Tag Archives: 1809

Drawings of Seaweeds from Bantry Bay 1808 – 1812

Ellen Drawing 054

Ellen’s drawing of Fucus asparagoides. 1811

On Thursday 20th August 2015, an exhibition opened in Bantry House of Ellen Hutchins’ watercolour drawings of seaweeds. This was their first showing in the Republic of Ireland and their home coming. They were drawn by Ellen Hutchins, at Ballylickey, about four miles from Bantry House, on Bantry Bay.

Ellen was born at Ballylickey in 1785 and lived there most of her life. She died two hundred years ago, in 1815, after a long illness, aged only twenty nine.

Seaweeds

Ellen described seaweeds as a ‘curious and difficult branch of botany’ and other botanists at that time called them ‘neglected’. She appreciated their beauty and puzzled over their similarities to each other.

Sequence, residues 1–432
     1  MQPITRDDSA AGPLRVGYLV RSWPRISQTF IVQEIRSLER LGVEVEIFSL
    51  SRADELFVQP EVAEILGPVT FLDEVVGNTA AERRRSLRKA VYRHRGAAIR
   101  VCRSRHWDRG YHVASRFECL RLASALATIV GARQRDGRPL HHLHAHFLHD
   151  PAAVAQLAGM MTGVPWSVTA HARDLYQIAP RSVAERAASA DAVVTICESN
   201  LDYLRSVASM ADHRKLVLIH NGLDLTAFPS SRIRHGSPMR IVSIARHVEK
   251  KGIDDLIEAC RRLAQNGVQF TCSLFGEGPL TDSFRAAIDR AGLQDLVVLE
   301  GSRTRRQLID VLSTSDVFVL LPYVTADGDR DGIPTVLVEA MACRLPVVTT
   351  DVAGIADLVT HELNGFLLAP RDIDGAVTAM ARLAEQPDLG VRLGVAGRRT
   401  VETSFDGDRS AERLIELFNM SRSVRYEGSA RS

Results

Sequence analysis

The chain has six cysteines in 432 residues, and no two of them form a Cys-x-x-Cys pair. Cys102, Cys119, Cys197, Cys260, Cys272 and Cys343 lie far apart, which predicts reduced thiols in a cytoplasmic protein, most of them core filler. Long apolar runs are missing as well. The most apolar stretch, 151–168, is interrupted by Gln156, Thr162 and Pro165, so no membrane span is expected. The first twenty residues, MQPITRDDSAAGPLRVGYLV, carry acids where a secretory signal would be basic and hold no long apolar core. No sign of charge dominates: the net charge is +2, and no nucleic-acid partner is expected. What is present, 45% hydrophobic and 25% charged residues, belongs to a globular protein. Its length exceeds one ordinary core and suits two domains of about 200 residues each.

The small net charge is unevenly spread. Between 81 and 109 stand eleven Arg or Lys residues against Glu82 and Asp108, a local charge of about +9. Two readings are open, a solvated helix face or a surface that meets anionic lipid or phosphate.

Remarkable botanist and accomplished artist

 Botanical illustration was, and still is, incredibly important to those who study plants. In the early nineteenth century, some botanists engaged a botanical artist to draw for them; others, such as Ellen had the skills to do the drawing themselves.

The first mention in Ellen’s letters of her drawing plants is in July 1808, and then again in December when she wrote to fellow botanist, Dawson Turner:

‘Dear Sir, Your most interesting letter found me employed finishing the drawing you wished for of Fucus tomentosus. I have sent it with drawings of some Confervae. … These are the very first that I have attempted.’

Ellen to Turner 2nd December 1808

The first three drawings exhibited at Bantry House, of Confervae, are dated October and November 1808, and are some of Ellen’s ‘very first’. Dawson Turner was full of praise for them and encouraged Ellen to continue drawing.